Friday, December 24, 2010

Parveen Shaath: The Legacy of a Saudi Fashion Icon, Part II

Parveen Shaath, seated left on couch, with friends in Riyadh, 1960’s

Shaath not only cultivated an appreciation for glamorous prêt-a-porter and European haute couture in Saudi Arabia, but was also instrumental in shaping the tastes of generations of Saudi women. "Part of my job was to educate women about the upcoming styles and collections,” she said. Prior to that, members of the royal family and upper class either had live-in-tailors capable of copying styles from fashion magazines, or they traveled to Beirut to purchase gowns.

Shaath was in constant search of “beautiful things,” and what she deemed “beautiful” was what she brought back to her Saudi clientele. “I’ve found that if you have an idea, a passion that occupies your mind, then nothing can stop you from doing it and that is how I built my business. I relied on my taste and on learning what styles would suit my clients when making orders,” she recalled in an interview.

"My aunt is soft-spoken yet feisty. She is a force to be reckoned with," said Rasha Shaath, about Parveen who started a business in fashion at a time when a single woman wasn’t expected to make it on her own.

To be sure there were other women in the Middle East at the time who also cultivated an appreciation for European fashion, by bringing back selected garments for the women in their own circles. Yet these women, like Shaath, became pivotal figures in establishing a sense of what was “fashionable” or stylish for their times.

A gown from Shaath’s vintage collection on display at Villa Moda Bahrain, April 2010; The early shows Parveen attended in the 1950’s and 60’s were much smaller affairs restricted to editors and buyers. Here, an Yves Saint Laurent show in 1958.

One important lesson Parveen learnt early on when dealing with clients was to tell the truth. “Sales people would always tell me I looked amazing every time I tried something on, even though I could see it wasn't true," she said, "I’ve always made it a point to be honest with my clients, and tell them not to be ashamed of their body shape and opt for what suits them best."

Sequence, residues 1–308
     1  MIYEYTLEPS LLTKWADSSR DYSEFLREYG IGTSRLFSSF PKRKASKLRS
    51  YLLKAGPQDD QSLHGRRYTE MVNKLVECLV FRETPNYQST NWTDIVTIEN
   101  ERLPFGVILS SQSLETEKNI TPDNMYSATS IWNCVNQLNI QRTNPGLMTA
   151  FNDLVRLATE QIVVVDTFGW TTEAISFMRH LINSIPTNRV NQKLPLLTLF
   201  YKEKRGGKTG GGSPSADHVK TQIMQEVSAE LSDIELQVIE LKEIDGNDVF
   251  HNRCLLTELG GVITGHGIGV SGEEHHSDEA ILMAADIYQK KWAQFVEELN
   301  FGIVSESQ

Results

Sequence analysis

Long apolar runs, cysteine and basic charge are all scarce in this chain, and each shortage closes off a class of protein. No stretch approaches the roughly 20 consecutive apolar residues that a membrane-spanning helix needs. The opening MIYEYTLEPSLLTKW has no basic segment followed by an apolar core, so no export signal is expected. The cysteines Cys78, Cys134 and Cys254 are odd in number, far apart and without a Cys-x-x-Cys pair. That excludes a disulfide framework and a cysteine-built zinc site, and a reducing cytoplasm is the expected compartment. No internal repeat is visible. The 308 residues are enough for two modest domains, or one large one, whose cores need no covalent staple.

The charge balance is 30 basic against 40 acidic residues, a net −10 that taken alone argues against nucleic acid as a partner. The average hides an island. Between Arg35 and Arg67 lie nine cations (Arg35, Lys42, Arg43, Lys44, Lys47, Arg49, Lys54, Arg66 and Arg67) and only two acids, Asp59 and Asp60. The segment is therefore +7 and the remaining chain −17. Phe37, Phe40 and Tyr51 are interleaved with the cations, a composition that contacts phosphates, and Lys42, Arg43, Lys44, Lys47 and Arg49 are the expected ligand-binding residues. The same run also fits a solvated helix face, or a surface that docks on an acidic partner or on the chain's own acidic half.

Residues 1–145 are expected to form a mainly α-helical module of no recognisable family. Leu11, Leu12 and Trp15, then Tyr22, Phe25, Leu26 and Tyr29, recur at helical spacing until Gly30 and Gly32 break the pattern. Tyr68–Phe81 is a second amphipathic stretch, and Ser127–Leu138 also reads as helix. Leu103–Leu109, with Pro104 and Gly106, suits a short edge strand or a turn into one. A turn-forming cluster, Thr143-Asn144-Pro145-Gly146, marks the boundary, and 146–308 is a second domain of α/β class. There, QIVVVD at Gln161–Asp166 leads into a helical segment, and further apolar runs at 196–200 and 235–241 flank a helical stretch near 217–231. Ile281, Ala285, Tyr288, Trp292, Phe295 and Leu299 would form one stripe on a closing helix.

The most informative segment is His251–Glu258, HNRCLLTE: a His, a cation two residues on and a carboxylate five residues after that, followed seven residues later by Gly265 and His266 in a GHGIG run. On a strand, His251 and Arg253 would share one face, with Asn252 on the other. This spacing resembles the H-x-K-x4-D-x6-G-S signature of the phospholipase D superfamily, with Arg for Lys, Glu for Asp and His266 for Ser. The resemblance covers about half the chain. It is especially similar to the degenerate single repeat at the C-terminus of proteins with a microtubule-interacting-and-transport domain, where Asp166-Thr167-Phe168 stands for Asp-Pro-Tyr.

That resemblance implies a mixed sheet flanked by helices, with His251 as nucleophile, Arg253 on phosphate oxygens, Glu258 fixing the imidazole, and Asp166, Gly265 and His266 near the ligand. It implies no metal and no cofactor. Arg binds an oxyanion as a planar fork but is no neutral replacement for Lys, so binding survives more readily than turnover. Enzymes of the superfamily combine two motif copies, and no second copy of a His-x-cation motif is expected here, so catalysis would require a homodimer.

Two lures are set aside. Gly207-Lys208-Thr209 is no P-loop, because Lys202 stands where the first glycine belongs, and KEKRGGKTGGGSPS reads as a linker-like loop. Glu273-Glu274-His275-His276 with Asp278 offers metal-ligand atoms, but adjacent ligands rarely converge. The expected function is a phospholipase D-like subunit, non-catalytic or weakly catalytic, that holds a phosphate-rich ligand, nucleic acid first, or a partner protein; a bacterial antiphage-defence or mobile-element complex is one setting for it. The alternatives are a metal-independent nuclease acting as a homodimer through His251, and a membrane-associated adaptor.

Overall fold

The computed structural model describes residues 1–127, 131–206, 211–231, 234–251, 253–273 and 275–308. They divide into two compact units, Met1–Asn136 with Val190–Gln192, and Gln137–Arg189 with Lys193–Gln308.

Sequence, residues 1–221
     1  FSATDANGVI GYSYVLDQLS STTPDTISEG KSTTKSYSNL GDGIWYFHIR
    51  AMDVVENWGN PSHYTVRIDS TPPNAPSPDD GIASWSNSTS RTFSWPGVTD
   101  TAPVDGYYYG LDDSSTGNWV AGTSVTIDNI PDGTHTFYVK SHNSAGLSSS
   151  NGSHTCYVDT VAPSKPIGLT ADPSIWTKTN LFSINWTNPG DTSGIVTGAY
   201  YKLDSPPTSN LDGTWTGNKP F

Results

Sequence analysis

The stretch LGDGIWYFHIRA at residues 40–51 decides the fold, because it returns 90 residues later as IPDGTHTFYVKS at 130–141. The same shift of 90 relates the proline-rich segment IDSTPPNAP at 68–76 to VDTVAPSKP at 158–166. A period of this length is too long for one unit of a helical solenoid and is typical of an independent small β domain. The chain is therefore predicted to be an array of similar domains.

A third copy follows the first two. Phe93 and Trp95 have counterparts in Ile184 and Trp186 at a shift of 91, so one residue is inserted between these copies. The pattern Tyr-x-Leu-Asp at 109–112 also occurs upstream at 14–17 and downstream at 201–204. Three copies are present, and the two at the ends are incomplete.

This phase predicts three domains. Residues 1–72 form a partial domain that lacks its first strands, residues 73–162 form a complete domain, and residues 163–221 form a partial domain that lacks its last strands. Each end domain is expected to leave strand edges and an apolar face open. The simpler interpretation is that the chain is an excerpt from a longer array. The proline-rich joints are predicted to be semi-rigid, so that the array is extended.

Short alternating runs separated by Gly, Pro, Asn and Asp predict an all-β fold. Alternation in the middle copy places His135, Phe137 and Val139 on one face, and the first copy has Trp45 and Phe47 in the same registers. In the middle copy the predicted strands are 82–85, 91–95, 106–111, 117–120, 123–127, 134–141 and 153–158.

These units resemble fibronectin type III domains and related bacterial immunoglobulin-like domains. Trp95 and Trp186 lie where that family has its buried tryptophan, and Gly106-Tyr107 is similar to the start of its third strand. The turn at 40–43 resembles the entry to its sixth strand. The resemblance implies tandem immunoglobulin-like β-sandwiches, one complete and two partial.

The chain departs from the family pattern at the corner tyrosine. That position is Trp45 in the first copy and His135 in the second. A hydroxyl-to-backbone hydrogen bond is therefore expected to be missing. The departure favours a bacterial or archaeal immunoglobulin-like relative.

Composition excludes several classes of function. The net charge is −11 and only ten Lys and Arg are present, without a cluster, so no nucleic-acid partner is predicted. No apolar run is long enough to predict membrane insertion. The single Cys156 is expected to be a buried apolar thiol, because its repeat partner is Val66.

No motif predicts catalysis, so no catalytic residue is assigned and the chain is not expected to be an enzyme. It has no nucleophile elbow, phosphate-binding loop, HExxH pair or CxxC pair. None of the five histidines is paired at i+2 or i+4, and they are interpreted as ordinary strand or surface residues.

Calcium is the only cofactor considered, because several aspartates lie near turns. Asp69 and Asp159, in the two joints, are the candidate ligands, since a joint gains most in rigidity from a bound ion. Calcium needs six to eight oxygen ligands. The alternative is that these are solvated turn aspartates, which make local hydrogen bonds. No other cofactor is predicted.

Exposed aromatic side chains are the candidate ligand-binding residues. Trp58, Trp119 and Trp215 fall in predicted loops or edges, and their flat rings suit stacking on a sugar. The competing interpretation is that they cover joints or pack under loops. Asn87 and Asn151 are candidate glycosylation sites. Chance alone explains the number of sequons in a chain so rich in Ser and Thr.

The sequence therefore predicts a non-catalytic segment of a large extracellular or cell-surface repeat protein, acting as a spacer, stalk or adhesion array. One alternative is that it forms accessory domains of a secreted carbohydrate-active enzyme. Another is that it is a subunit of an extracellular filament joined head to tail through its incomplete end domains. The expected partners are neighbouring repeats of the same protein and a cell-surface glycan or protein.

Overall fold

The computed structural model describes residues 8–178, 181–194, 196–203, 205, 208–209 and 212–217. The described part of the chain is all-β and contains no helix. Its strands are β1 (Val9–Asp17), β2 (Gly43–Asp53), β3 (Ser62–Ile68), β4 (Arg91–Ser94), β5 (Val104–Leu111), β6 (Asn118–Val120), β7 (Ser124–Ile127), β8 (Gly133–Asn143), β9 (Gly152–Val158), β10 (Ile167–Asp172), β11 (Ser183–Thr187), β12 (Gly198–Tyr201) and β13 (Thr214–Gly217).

Nevertheless, Parveen readily admits she was the kind of woman who suffered for fashion. "I never hesitated to wear corsets; constricting innerwear and anything that would make a woman's body look shapelier. Now I dress for convenience and comfort,” explained Shaath who prefers to wear billowy kaftans these days.

Shaath fell in love with each one of the pieces she bought over the years, and could not find it in her heart to sell any of them at a discount, no matter how many season’s old they were. After health reasons forced her to shutter her boutique in the late 1990’s, Shaath carefully stored her entire collection of unsold gowns in five rooms at her two-storey villa in Riyadh. By hanging each garment up, carefully wrapped in plastic, she unwittingly preserved an extraordinary collection that chronicles over 60 years of fashion history. There they remained untouched for over a decade until her nieces discovered them while on a visit.

An evening gown by Nettie Vogues, who designed Princess Diana’s formal engagement dress. Shaath purchased several pieces from her collection each season; A vintage couture dress on display at Villa Moda Bahrain, April 2010.
"It was a shame to see those dresses gathering dust," recalled Rasha, who, along with her sisters and friend Abeer Seikaly, decided to give her aunt and her rare collection their rightful place in fashion history.